Comparative education and international education are central themes in the field of information and communication technology for development (ICT4D). Policies, projects…
Comparative education and international education are central themes in the field of information and communication technology for development (ICT4D). Policies, projects, and practices around technology are often created and enacted based on best practices compared across multiple contexts and disciplines. As such, ICT4D research is at the nexus of understanding how youth can be empowered through technology, teacher pedagogy can be enhanced through technology, and how marginalized communities can leverage technology to leapfrog into the 21st century. In this essay, the authors explore these themes as a way to enforce the synergies among scholars in the fields of ICT4D and comparative and international education.
In this article the authors explore how institutionalized social ties may buffer organizations against threats to survival and then even at the brink of extinction enable…
In this article the authors explore how institutionalized social ties may buffer organizations against threats to survival and then even at the brink of extinction enable them to merge instead of close. Drawing on social capital theory, we propose that legitimating and mutualistic ties both buffer and enable organizations. We examine this proposition by first testing how both types of social ties affect the likelihood of either merging into other organizations or closing entirely. We then test how the same ties affect the likelihood of merging relative to closing for organizations that undergo one of these two events. Results from the U.S. hospital industry provide little support for the hypothesized buffering roles of social ties but greater support for the enabling roles of such ties. It appears that certain social ties yield corporate social capital that reduces endangered organizations' losses but yield little or no social capital that protects against the threat to their survival in the first place.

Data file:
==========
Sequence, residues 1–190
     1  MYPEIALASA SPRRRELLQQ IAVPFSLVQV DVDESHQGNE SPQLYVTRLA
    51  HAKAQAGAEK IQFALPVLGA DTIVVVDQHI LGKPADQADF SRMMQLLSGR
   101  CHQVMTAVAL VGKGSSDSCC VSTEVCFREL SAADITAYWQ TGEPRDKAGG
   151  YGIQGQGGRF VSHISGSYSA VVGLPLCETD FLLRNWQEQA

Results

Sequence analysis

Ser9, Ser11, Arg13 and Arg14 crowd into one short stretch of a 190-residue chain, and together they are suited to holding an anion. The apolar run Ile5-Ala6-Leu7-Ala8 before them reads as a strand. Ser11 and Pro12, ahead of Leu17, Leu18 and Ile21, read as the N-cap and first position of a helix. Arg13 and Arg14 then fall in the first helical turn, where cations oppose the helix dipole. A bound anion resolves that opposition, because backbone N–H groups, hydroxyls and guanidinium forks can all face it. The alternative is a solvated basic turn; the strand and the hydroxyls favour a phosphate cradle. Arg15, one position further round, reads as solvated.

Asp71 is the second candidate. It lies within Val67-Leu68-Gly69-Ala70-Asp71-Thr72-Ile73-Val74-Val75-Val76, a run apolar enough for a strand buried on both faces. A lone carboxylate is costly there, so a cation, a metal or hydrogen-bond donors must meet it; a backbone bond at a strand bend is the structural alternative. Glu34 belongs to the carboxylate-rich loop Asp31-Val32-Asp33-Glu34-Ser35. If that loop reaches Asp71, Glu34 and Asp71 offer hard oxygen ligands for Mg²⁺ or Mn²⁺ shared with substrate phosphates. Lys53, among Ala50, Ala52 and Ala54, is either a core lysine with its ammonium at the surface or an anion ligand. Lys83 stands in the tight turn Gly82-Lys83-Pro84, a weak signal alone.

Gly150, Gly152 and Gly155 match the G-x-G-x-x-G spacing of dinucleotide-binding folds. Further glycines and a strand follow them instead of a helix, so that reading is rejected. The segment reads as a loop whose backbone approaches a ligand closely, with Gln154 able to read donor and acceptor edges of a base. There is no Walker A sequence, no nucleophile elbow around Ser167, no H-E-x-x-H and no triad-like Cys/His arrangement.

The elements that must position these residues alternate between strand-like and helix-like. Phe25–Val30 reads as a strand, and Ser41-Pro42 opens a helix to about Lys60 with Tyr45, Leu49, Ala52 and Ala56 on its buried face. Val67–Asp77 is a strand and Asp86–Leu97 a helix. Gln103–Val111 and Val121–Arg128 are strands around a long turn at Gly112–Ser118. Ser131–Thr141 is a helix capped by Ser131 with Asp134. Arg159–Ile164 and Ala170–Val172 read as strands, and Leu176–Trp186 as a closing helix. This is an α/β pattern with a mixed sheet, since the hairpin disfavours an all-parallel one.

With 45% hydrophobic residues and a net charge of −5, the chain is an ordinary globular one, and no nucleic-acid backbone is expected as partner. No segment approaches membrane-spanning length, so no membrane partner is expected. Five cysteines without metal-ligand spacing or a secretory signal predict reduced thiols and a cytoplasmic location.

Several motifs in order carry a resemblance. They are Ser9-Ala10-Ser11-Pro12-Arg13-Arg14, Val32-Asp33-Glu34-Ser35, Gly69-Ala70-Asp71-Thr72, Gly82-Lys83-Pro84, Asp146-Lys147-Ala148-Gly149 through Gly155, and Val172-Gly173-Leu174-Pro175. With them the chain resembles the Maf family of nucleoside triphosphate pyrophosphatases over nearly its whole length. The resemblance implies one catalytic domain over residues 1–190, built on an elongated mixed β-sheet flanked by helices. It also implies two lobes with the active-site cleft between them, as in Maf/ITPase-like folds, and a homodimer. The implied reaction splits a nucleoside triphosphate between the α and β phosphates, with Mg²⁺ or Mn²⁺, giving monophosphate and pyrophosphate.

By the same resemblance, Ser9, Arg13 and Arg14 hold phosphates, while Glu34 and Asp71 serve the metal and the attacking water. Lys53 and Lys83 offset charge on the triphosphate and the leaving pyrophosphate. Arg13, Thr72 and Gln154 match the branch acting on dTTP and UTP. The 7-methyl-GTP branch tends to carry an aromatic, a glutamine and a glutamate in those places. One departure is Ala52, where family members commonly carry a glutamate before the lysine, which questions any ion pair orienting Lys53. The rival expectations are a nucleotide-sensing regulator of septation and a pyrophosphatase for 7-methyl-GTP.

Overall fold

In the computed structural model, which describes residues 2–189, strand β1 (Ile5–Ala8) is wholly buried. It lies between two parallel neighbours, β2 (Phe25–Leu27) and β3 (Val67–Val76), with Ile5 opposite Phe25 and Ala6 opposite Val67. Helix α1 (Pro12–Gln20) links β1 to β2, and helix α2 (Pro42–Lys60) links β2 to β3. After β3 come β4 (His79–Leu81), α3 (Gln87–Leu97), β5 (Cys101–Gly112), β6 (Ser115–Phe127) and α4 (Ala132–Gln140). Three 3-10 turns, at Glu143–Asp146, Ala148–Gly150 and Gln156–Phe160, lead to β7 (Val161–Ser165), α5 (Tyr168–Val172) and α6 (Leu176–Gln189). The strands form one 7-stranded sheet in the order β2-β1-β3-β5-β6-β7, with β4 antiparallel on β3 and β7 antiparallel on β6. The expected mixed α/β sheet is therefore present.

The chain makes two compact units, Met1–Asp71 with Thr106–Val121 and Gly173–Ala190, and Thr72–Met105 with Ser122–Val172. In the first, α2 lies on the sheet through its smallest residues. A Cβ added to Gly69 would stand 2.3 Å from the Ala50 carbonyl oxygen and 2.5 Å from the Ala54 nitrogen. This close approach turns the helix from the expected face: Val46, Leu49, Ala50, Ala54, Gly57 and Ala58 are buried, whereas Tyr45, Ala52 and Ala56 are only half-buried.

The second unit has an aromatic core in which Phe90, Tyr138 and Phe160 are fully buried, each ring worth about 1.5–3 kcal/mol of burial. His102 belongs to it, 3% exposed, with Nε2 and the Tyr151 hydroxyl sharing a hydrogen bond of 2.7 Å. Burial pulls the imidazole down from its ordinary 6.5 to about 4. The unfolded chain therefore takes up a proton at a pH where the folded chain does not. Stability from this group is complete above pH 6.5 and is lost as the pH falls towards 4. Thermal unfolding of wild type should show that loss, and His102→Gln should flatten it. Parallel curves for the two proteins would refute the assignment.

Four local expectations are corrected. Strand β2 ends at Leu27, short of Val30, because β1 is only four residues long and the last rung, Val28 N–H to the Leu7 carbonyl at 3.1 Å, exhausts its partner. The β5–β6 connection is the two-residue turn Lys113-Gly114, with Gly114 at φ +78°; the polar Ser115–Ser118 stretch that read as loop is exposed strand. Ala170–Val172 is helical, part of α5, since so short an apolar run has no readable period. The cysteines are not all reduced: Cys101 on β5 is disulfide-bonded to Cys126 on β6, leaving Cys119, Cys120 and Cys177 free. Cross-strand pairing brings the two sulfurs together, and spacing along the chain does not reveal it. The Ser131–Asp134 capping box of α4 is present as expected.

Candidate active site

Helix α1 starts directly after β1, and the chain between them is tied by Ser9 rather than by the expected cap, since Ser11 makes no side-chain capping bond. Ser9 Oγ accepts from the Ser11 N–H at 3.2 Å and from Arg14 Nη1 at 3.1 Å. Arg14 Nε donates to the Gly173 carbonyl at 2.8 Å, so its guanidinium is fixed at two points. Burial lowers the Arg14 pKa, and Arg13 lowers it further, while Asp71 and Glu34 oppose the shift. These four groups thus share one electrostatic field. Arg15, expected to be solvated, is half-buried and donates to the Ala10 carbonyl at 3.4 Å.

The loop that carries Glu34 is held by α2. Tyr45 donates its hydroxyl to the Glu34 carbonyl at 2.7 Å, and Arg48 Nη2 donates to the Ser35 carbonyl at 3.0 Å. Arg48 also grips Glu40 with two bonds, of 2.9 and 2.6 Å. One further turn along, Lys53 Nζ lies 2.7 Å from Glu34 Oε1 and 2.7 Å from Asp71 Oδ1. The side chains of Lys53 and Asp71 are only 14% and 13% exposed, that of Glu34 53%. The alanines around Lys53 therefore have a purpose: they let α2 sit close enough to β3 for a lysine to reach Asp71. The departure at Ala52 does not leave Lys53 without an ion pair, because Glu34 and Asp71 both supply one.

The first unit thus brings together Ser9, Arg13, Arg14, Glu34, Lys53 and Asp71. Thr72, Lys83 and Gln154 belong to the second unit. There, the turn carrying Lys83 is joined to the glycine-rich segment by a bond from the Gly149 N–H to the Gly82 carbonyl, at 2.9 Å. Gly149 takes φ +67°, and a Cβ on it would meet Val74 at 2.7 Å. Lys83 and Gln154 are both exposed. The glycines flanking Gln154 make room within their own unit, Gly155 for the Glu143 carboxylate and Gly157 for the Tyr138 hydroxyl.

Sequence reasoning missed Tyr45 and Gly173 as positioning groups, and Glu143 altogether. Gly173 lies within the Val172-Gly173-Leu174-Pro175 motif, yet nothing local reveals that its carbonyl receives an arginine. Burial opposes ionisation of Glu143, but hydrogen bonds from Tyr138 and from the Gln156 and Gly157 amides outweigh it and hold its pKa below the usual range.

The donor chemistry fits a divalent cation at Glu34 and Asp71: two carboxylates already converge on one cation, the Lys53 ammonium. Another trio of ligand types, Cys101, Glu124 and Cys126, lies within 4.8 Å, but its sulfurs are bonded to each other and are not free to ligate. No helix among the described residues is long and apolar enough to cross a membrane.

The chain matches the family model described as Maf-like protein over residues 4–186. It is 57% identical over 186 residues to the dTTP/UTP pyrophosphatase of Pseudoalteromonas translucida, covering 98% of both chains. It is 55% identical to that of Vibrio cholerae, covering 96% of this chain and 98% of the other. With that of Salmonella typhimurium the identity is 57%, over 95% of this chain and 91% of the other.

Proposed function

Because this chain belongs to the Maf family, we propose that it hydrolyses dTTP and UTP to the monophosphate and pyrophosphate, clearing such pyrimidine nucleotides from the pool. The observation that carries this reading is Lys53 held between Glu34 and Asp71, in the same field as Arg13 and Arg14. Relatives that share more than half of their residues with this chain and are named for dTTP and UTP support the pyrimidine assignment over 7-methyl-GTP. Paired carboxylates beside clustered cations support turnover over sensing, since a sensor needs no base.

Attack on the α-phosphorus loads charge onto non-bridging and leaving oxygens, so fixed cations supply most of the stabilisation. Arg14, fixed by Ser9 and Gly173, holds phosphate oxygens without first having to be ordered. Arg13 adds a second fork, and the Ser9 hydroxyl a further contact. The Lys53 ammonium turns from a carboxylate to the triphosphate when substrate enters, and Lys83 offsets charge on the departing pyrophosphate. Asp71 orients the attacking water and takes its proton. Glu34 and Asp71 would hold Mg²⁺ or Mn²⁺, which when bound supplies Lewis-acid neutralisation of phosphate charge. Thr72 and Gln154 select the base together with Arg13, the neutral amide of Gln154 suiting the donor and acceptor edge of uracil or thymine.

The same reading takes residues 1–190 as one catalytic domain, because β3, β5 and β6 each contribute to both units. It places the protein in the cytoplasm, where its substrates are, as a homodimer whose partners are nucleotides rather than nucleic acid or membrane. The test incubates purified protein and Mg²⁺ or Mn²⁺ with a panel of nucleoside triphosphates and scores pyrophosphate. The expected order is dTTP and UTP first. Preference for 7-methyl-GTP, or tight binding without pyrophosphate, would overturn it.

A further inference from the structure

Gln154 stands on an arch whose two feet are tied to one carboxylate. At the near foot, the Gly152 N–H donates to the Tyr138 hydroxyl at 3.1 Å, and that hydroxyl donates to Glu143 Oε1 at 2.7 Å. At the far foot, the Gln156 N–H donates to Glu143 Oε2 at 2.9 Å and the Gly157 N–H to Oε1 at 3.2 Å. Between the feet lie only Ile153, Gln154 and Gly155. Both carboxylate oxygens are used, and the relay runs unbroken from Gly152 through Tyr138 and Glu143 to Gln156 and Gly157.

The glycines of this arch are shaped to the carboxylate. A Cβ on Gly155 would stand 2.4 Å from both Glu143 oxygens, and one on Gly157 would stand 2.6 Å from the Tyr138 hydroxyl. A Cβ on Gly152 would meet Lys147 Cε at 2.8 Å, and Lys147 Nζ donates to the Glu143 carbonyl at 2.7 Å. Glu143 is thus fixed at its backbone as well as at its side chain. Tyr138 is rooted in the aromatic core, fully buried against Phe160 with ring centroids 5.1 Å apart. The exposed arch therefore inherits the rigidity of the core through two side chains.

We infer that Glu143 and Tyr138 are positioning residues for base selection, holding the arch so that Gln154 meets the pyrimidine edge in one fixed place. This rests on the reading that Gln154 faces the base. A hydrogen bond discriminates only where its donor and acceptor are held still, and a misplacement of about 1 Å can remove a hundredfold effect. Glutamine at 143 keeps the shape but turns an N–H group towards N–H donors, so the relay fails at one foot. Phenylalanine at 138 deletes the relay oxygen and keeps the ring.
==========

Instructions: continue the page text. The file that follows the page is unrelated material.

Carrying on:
This paper aims to investigate the motivations of Australian manufacturing companies for sourcing products and services from China, the results achieved and whether these…
This paper aims to investigate the motivations of Australian manufacturing companies for sourcing products and services from China, the results achieved and whether these lived up to expectations, related barriers and problems, and how these problems were dealt with.
The study is based on a survey of 35 Australian manufacturing firms, which have moved to import some goods or components from Chinese sources.
Most firms that source components or products from China do so because of the cost reductions that were expected. In actuality, significant cost reductions were achieved, however these reductions were on average less than expected. Along with these cost reductions, importing goods or components from China had some quality problems and delivery delays. Control procedures, improved communications and relationship‐building strategies were employed to overcome and deal with such problems, and most firms reported remaining committed to their China sourcing strategies.